Leading litigation funder Harbour has failed in its argument that it was entitled to an increase in its share of the proceeds from a $300m award that it financed.
Kazakhstan Kagazy JSC was part of the paper and packaging business Kazakhstan Kagazy Group. In late 2017, the group won a fraud claim against senior managers and shareholders.
In February 2018, it obtained final judgment of just under $300m, together with an order for £8m as an interim payment on account of costs.
The case was backed by Harbour Litigation Funding, which then brought the latest proceedings for declarations about its rights to the proceeds of the judgment.
According to KK JSC’s lead counsel, Rupert de Cruz QC of Littleton Chambers, the effect of these declarations would likely have been to deprive his client and its affiliates of any part of the proceeds.
The case involved consideration of Kazakh insolvency law as in 2016 KK JSC was declared insolvent and placed into a ‘rehabilitation’ procedure in Kazakhstan, with its then chief executive, Tomas Werner, acting as its ‘rehabilitation manager’.
There were multiple issues before the court, particularly around whether Mr Werner had authority to execute several variations to the funding agreement that increased Harbour’s commitment to fund the case to £11m and also purported to increase Harbour’s share of the proceeds.
However, Mrs Justice Moulder found on the evidence that he had neither real nor ostensible authority to do so. In relation to the variations that took place in 2017, she found that Harbour “did not have an honest belief that Mr Werner had power” to sign them.
“If I were wrong on that, I find that [Harbour] ‘turned a blind eye’,” she went on.
The judge also rejected the alternative arguments that Harbour was nevertheless entitled under the terms of the original funding agreement to ‘a return’ on substantial additional sums it had spent in the litigation, or that it was entitled to reimbursement for those additional sums by way of restitution in unjust enrichment.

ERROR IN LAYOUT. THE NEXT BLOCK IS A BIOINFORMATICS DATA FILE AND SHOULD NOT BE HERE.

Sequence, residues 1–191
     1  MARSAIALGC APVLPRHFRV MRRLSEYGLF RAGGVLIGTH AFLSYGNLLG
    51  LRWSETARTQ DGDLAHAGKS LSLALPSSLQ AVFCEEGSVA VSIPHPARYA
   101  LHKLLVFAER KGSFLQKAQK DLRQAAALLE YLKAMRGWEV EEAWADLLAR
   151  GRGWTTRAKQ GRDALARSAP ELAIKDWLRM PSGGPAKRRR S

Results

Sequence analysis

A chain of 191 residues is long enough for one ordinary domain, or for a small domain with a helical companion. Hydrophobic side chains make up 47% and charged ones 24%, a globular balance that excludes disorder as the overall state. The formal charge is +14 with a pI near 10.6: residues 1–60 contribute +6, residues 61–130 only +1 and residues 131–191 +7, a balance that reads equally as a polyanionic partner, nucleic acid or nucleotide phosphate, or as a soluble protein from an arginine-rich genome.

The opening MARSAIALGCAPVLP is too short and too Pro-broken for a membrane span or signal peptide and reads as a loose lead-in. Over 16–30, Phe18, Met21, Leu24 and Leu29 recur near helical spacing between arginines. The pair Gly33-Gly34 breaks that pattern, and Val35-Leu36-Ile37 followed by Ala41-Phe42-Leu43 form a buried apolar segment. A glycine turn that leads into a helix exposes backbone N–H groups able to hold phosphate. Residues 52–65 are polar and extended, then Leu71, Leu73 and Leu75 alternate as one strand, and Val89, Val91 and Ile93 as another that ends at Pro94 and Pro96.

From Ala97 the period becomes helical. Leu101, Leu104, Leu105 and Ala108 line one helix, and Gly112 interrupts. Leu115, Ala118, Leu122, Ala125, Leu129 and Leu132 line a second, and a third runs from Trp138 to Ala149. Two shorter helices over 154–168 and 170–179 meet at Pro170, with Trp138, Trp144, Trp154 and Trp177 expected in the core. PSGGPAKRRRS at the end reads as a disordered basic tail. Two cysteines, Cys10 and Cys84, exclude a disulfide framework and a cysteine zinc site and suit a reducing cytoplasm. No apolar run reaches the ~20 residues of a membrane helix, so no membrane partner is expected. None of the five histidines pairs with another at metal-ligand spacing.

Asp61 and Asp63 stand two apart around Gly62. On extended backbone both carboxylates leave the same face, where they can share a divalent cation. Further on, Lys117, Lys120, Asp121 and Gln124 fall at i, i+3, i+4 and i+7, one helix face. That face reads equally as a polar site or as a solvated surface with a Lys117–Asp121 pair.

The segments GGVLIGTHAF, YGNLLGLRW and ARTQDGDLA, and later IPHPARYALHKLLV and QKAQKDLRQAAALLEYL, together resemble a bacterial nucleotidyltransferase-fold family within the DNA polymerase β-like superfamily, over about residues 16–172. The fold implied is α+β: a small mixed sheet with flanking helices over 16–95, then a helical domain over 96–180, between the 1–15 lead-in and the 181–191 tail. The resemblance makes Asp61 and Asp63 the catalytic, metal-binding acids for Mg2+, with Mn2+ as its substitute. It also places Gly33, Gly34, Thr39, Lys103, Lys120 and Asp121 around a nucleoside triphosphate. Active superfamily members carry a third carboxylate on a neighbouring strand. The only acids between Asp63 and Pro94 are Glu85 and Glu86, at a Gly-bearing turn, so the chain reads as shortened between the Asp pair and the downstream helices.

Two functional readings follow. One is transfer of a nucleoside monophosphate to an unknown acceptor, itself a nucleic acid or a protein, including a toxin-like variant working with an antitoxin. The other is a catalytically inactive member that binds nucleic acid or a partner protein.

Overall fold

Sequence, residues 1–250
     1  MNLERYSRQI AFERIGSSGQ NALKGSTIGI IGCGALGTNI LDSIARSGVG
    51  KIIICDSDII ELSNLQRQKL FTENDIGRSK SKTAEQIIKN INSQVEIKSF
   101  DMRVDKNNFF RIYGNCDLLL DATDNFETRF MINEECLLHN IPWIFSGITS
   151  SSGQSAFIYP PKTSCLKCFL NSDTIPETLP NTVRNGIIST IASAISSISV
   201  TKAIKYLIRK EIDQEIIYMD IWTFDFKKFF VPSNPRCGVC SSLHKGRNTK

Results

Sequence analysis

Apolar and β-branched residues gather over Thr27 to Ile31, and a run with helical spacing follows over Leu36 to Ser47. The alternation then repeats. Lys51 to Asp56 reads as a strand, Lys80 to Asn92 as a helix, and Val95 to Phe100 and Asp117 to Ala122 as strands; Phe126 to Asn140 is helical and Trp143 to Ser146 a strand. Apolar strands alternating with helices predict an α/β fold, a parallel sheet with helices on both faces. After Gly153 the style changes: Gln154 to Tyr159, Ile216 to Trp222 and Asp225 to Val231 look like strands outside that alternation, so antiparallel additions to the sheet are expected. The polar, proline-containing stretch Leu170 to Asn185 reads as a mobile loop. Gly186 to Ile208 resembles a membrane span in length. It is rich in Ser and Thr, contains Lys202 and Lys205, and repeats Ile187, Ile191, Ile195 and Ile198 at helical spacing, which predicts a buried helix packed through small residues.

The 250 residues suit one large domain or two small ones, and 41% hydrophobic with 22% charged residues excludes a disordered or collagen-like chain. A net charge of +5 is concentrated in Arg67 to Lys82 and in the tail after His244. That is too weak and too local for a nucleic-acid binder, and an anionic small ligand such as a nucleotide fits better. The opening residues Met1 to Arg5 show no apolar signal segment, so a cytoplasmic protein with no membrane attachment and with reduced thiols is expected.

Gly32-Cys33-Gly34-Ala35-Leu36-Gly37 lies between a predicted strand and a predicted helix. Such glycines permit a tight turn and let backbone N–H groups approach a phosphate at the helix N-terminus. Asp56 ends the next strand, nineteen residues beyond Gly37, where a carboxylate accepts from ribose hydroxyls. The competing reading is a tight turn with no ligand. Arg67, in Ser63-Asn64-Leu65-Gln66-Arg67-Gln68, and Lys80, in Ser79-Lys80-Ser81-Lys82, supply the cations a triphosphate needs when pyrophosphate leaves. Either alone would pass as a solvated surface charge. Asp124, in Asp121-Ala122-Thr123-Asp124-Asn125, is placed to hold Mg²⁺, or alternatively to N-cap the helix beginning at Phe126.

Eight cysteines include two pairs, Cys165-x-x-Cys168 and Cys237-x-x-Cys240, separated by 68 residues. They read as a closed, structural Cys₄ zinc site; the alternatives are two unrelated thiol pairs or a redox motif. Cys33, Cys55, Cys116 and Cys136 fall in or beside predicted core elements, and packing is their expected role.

While Harbour wanted to secure improved terms in return for more funding, the evidence did not show that it would only advance further funds if it got them.
The evidence indicated too that the enrichment “was not unjust as there was no ‘free acceptance’ by KK JSC” of the extra funding.
Moulder J also said she found the evidence of Ellora MacPherson, who at the time was Harbour’s general counsel and is now its chief investment officer, unreliable.
She had “an obvious motive” to support Harbour’s case and the judge said she found her evidence “on matters which are covered by the contemporaneous emails… inconsistent with the plain reading of those emails”. This “calls into doubt her other evidence”.
“Although KK JSC did not invite the court to draw adverse inferences from the absence of [two other senior Harbour staff] as witnesses in these proceedings, Ms MacPherson’s evidence is not corroborated by other witnesses.
“For these reasons I find her evidence unreliable and prefer the evidence of the contemporaneous documentary evidence.”
Mr D’Cruz QC, leading James Egan of 10 Old Square, were instructed by Marriott Harrison. Andrew Thompson QC and Ben Griffiths of Erskine Chambers, and Mark Belshaw of Essex Court Chambers, instructed By Harcus Parker, acted for Harbour.